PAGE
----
Five Stocks That Look Alluring Based on Cash Flow
Posted: August 15, 2017
Suppose you are the CEO of a successful corporation. Your gleaming headquarters building is an ornament to your city.
The building was paid for with cash, back in 2007 when business was booming. Yet each year, when you calculate your company’s profits, you subtract $100,000 a year for depreciation on the building.
In this pleasant hypothetical case, the cash flowing through your company is $100,000 more than its reported annual profit. This is one of many ways in which a company’s cash flow can differ from its reported earnings.
One common definition of cash flow is earnings before interest, taxes, depreciation and amortization, or EBITDA.
Does EBITDA give a truer picture of a company’s health than the GAAP (generally accepted accounting principles) earnings figure?
I think both figures capture part of the truth. If I could only use one, I’d pick GAAP earnings. However, once a year in this column, I highlight companies selling for a low price compared to cash flow.
That series (now entering its 14th year) has done well. My cash-flow selections have achieved an average 12-month return of 22.8%. By contrast, the Standard & Poor’s 500 Index has averaged 8.2% a year over the same 13 periods.
Ten of my 13 columns on the subject have been profitable, and ten (not exactly the same ten) have beaten the S&P 500. The articles appeared in August 1999-2006, and August 2012 to the present.
Bear in mind that my column recommendations are theoretical and don’t reflect actual trades, trading costs or taxes. Their results shouldn’t be confused with the performance of portfolios I manage for clients. And past performance doesn’t predict future results.
Last year’s picks were profitable but feebly so, gaining 3.45%. The S&P 500 for the same period (August 23, 2016 through August 11, 2017) posted a 13.87% total return.
Delta Air Lines Inc. (DAL) did well, as did Lear Corp. (LEA). But I had losses on Dillard’s Inc. (DDS), Atwood Oceanics Inc. (ATW) and Net 1 UEPS Technologies Inc. (UEPS)
Now, it’s time for some new picks.
I’ll lead off with Prudential Financial Inc. (PRU) of Newark, New Jersey, which sells life insurance, mutual funds and other financial products. At its current price of around $106, Prudential sells for less than eight times cash flow.
Life insurers collect premiums and pay out death claims – but often many years elapse in between. Meanwhile, the insurers can invest some of the money, typically in bonds. If interest rates rise in the next few years – as I think likely – they will be getting fatter coupons on those bonds.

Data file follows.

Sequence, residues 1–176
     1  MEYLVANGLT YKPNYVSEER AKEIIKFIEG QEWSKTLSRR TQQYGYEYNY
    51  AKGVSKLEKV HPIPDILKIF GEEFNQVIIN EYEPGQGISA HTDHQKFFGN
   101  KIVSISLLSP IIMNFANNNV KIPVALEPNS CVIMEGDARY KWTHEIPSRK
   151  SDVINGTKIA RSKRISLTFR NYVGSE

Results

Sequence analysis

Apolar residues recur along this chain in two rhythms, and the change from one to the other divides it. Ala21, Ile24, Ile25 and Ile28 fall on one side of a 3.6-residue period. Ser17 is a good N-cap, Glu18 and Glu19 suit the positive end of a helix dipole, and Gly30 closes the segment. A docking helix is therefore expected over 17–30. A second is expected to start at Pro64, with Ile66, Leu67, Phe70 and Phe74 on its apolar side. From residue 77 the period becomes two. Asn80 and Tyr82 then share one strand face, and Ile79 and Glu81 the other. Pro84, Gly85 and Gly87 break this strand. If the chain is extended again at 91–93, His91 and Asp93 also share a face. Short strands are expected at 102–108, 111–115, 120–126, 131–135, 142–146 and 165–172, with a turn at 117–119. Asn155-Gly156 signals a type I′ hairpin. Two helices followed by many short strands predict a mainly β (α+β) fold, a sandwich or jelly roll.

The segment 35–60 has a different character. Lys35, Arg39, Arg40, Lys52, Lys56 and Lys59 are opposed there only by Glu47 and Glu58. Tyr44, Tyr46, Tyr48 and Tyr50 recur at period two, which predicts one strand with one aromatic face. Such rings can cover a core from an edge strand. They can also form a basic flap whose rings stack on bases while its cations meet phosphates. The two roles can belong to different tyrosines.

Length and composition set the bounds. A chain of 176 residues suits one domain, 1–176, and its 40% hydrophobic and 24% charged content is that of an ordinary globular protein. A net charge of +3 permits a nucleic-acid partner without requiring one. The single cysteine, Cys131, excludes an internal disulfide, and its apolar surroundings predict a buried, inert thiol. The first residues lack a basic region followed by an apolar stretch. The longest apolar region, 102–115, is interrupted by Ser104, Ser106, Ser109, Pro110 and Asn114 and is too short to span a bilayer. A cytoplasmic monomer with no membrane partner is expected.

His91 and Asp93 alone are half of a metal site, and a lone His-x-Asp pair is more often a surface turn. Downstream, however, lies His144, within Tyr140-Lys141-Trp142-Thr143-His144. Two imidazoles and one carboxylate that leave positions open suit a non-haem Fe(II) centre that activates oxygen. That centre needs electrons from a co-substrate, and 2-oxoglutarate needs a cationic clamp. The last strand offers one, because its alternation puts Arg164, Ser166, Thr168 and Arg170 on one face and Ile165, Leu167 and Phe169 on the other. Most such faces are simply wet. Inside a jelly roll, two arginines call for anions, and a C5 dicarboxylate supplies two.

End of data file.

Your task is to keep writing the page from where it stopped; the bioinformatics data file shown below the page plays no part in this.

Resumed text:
A small insurance company I like is United Fire Group Inc. (UFCS), out of Cedar Rapids, Iowa. United Fire is debt free, a quality that often attracts me. It has been increasing its dividend, and the dividend yield stands at 2.6%.
Hardly anyone on Wall Street follows United Fire, and the few who do follow it don’t recommend it. Yet the stock seems attractively cheap at five times cash flow and 1.1 times book value (corporate net worth per share).
Even more neglected by Wall Street is Weyco Group Inc. (WEYS), a Milwaukee, Wisconsin company that imports and sells shoes under the brands Stacey Adams, Nunn Bush, and Florsheim. Weyco’s revenue and earnings have declined in the past couple of years. Yet it has some strong points.
Weyco has very little debt. It offers a 3.2% dividend yield. Its stock sells for seven times cash flow, or eight times free cash flow. (Free cash flow takes into account capital expenditures a company needs to make.)
Argan Inc., based in Rockville, Maryland, makes electrical generating plants. Most are fueled by natural gas, some by alternative fuels such as biodiesel, ethanol, wind or solar.
Argan shares go for less than four times cash flow, and about 13 times reported earnings. The company’s chairman and vice chairman, Rainer Bosselmann and William Griffin Jr., own a nice chunk of the stock, something I like to see. And the company is debt free.
MDC Holdings Inc. (MDC) is a Denver-based homebuilder. Colorado is its stronghold but it also builds homes in California, Maryland, Virginia and other states.
Investors fear homebuilding stocks, I believe, because of the great homebuilding bust of 2007-2011 and also because they fret that rising interest rates will make home ownership less affordable. On the latter score, I think the worry is premature and overdone. The stock goes for less than seven times cash flow.
Disclosure: I own Argan shares for a few of my clients.